I recognise that many great charities and projects are already looking to reduce educational inequalities, but research showed there weren’t any organisations providing school uniforms. Whilst school is typically free in Ghana, school uniforms are often mandatory and come with a cost that some families cannot afford. Research has shown that the cost of school uniforms can prevent children from attending school or even dropping out. UppFutures provides school uniforms to schools in rural areas to enable more children to stay in education. Even with my limited experience and knowledge, I knew that I had the ability to provide uniforms that will help some children stay in school. Nothing you do for children is ever wasted.

What do you hope to change?

We shouldn’t live in a world where children are forced into work at the expense of their education. For many people, it’s easy to point the finger at the governments of countries like Ghana, but we must also look at the impact of our actions in the UK. From the items we consume to the policies, we vote for – if we take more responsibility, we can improve the lives of others and enhance the opportunities available to people all over the world.2dccfe2c880ba4c07ef73917fb8cebf767574305.png

To begin with, UppFutures wants to get more uniforms for children so that they can attend or stay in school. A small start but a step in the right direction.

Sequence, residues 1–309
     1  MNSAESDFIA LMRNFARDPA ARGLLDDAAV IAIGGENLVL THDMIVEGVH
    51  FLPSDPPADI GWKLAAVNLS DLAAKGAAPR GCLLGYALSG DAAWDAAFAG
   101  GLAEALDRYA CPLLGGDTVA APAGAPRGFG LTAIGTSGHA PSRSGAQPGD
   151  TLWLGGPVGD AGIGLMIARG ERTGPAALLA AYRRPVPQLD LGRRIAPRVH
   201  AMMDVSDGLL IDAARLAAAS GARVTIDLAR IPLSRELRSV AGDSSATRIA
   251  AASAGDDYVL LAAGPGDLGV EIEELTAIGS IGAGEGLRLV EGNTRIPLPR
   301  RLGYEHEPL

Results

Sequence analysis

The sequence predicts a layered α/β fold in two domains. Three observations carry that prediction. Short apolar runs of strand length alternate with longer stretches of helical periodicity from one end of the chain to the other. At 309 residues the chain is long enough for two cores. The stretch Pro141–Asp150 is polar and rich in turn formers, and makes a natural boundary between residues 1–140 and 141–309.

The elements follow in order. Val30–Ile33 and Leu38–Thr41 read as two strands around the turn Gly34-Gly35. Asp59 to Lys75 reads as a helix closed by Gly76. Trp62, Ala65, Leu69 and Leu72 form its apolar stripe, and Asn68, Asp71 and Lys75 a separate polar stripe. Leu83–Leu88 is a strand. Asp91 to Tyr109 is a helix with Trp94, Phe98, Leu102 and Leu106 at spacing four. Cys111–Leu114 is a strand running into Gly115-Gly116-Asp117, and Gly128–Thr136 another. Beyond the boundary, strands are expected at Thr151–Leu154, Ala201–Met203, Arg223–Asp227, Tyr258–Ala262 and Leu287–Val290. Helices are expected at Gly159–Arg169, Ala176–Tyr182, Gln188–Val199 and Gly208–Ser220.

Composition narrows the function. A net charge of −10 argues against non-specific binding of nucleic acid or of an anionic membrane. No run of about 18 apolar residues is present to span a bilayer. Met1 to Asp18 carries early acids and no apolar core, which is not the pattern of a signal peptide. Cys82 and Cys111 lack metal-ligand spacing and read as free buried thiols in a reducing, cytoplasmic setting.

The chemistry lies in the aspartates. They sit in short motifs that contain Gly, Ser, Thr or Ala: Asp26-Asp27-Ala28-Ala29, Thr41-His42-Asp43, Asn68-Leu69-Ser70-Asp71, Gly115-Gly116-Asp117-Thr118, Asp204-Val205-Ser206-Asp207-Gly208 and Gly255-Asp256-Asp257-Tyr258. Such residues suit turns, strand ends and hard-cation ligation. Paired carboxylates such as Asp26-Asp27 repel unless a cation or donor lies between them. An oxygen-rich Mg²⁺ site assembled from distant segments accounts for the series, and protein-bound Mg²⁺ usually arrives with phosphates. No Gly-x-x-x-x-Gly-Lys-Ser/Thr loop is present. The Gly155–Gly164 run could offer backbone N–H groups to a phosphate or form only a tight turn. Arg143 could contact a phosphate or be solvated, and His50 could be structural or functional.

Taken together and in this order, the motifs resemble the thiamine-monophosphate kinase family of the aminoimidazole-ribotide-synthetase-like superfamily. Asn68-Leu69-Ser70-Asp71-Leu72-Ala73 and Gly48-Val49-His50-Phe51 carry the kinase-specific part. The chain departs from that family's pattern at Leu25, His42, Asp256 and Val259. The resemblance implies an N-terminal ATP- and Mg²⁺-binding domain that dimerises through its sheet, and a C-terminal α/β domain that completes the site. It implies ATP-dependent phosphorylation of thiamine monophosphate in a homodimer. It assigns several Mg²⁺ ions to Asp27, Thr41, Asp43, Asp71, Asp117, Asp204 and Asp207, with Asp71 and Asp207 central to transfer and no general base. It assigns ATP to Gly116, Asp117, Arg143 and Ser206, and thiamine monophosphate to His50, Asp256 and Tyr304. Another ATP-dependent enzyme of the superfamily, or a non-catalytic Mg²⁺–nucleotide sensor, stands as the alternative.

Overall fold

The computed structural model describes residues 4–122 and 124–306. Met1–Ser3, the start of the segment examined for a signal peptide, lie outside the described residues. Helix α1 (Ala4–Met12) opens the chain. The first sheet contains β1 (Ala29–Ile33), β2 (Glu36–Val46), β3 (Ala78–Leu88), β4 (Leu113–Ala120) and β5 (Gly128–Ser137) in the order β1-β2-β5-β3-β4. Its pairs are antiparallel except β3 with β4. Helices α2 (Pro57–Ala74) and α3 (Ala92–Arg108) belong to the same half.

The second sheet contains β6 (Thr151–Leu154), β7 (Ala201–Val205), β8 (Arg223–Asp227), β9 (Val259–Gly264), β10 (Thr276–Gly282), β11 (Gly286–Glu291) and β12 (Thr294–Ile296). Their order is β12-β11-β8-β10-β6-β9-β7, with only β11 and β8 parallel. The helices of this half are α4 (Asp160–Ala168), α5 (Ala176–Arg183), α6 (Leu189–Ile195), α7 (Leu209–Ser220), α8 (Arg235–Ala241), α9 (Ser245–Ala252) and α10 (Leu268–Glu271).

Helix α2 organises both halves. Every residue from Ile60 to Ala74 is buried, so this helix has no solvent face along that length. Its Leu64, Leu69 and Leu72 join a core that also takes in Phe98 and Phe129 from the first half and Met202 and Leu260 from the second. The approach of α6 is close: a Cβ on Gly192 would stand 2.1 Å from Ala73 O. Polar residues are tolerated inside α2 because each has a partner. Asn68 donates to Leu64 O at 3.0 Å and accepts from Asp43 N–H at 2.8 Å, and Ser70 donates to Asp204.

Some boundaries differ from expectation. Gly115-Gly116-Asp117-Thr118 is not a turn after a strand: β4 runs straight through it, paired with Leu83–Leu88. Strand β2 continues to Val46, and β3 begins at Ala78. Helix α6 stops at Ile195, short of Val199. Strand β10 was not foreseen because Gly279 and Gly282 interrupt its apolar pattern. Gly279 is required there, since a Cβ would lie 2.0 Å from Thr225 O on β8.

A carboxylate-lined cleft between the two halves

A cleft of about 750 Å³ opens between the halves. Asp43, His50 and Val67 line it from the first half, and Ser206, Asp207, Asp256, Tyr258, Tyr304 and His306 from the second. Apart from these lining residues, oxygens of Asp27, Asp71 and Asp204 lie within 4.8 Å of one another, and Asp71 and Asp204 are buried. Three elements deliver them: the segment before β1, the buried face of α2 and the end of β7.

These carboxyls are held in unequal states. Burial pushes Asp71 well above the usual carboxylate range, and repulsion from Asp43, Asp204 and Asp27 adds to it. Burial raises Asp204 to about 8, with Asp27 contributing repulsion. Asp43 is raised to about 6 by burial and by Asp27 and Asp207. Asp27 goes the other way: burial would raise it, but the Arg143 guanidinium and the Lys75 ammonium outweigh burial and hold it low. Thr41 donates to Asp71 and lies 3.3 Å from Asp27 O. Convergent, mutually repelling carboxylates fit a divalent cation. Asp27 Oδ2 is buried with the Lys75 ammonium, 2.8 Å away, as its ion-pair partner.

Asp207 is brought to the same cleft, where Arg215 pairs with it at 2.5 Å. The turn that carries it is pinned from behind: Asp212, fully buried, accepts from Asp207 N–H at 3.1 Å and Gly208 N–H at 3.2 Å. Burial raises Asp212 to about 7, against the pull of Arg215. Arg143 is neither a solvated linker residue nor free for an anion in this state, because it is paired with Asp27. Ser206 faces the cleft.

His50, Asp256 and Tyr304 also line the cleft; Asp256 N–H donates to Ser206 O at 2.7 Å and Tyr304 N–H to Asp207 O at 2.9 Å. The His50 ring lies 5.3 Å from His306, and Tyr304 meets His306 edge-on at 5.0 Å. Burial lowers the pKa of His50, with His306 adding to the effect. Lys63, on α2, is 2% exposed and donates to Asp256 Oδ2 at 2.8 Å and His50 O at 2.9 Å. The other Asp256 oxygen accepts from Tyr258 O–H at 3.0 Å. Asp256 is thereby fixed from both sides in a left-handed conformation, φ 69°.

Part of our work is also educating the public in the UK and hopefully creating a more conscious community of people who take an interest in global affairs.

What’s your biggest concern for young people in education?

My greatest concern is that there aren’t enough young people in education. Think of the millions of young people who could contribute so much insight and intelligence to making the world a better place but are robbed of that chance through no fault of their own. Once they are in education, there’s still a battle to ensure they don’t drop out – this is still prevalent in Ghana and something we hope to address by reducing the impact of economic factors such as the cost of uniforms or equipment.

What has been the most significant moment in this experience so far?

We recently delivered our first batch of uniforms to a school in Tamale, Northern Ghana. It was proof that it is possible to make a difference, armed with nothing more than a laptop. Everything the charity has organised has been remote, from finding schools to partner with to arranging the fabrication of the uniforms. But seeing photos and videos of the students being given their uniforms was the highlight so far.

Seeing how much school means to these children inspires me to do more myself.